The MOMS program provides immediate health coverage for pregnant women. It provides outpatient prenatal coverage only. The MOMS program is available to provide immediate prenatal care while a Medicaid application is pending. Other women who may be eligible for MOMS include teens who choose not to apply for Medicaid, for confidentiality reasons, and non-citizens who are only eligible for emergency services only.

    Prenatal health care services will be covered by MOMS and/or Medicaid for the entire pregnancy and for two months after the pregnancy ends. There is an income test for everyone except teens.

    An authorized agency can apply for MOM’s via Contact your local public health department for more information on enrollment in MOM’s.

    Under 21

    Young adults who can no longer receive Medicaid as part of a family may be eligible until they turn 21. There are income limits and an asset test.


    MIChild is health insurance for minor children who are over the income limits of Medicaid programs (Healthy Kids or LIF). MDHHS administers MIChild. A family’s income must be below 212% of the federal poverty level in order to qualify. There is a $10.00 monthly premium per family. You can apply online for MIChild, or by phone at 1-888-988-6300.

    Aged, Blind, Disabled

    In general, anyone who is elderly, blind, or disabled is eligible for Medicaid. Elderly means 65 or older. Income and asset tests apply.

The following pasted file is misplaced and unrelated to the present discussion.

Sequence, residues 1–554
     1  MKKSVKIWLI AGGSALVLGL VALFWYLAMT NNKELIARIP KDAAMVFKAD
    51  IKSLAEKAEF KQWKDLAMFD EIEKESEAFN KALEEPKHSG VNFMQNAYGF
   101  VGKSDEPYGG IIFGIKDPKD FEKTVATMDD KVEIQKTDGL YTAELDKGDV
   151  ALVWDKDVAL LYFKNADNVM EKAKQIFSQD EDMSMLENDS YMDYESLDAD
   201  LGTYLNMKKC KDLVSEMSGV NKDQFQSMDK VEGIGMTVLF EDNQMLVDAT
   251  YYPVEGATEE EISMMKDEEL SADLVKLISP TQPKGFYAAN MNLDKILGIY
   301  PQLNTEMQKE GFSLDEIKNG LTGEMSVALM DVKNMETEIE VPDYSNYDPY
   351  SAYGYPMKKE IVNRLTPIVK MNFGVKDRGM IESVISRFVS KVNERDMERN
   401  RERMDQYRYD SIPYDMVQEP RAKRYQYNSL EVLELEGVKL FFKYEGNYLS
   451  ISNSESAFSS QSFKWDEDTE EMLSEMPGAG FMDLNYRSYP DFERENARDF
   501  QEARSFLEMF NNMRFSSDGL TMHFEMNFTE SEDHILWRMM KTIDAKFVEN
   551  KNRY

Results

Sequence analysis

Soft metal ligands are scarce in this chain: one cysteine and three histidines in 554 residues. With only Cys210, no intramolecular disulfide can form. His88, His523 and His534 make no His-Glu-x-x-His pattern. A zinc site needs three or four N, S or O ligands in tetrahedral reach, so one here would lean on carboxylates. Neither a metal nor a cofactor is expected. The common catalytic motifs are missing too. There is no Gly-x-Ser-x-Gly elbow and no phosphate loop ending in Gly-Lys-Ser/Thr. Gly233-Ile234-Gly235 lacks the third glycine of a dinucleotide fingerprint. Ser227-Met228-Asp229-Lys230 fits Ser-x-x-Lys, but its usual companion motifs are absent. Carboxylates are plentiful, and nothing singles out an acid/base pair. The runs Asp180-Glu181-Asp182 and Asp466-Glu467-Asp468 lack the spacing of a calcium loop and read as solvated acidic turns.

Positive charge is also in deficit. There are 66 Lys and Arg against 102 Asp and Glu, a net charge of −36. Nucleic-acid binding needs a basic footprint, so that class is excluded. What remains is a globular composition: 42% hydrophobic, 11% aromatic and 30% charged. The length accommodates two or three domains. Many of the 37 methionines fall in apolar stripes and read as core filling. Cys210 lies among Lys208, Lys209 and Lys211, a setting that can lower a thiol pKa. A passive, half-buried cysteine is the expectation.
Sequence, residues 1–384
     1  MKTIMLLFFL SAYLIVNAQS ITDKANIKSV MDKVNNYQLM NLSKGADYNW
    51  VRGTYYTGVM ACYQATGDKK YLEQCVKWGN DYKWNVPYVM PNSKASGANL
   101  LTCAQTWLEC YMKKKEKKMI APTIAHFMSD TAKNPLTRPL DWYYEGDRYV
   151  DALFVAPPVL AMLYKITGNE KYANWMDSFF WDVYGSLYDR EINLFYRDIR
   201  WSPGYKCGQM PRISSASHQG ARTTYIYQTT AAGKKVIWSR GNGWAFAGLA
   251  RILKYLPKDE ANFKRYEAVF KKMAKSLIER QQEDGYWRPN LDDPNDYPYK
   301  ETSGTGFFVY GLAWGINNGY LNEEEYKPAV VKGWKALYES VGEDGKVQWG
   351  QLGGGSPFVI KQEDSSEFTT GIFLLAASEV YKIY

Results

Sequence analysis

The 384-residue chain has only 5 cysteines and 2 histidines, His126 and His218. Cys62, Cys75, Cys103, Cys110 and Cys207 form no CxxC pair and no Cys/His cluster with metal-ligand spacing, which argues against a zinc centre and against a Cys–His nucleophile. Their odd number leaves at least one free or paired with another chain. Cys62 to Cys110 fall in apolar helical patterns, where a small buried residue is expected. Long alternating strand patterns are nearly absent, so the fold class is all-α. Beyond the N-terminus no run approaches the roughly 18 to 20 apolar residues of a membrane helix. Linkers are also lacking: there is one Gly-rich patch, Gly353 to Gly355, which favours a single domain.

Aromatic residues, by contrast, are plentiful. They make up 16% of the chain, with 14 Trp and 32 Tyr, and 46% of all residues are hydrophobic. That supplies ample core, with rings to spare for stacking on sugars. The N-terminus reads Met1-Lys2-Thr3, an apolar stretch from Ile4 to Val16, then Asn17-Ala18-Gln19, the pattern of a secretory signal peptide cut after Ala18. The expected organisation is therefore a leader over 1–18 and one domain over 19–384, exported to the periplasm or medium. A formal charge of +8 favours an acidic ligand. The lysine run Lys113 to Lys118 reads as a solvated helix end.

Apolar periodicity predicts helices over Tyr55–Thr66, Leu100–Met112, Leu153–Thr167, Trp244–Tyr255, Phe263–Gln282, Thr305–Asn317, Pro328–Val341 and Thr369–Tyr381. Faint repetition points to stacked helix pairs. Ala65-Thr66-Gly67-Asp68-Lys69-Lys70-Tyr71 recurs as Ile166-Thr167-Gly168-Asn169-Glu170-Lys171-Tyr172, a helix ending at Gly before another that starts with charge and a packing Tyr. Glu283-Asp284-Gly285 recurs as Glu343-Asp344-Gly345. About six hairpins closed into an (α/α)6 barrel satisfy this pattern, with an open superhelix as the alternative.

If you are applying because you are disabled, there are medical forms that your MDHHS specialist will give you to get be filled out by your doctor. It is also a good idea to get supporting medical records to submit with your application.

    Medicare Savings Program

    If your monthly income falls below 100% of the poverty guidelines, Medicaid should pay your Medicare premiums, coinsurance, and deductibles. This is called the Medicare Savings Program. The more money you earn, the less Medicaid will pay. For example, if you earn between 100%-120% of the federal poverty guidelines, Medicaid will pay for Medicare Part B premiums. If you make more than 120% but less than 135% of the poverty guidelines, Medicaid will pay the Medicare Part B premiums only if there is enough money available. Asset limits still apply.

    How to Apply for Medical Assistance

    To apply for Medicaid, submit an application to MDHHS. The application process takes around 45 days to complete, but a disability related application can take up to 90 days. The fastest way to apply is online through the MDHHS website, MI Bridges. You can also apply in person at your local MDHHS office. Your local MDHHS office will give you a general application form, but it may be easier to print an application form and fill it out completely before going to MDHHS.

    When you apply, you will be asked to prove important parts of your application. This means you may have to show documents like birth certificates, social security cards, state ID cards, driver licenses, or passports. You may also need to take documents that show your income and expenses, like bank statements and proof of rent (such as a lease). These expense documents must be less than 30 days old.

    A MDHHS specialist will contact you and set up a conference to go over your Medicaid application. You should bring your important documents to this conference. The conference is also an opportunity to learn about your rights. Be sure to ask the MDHHS specialist any questions you have about the application process or your public benefits.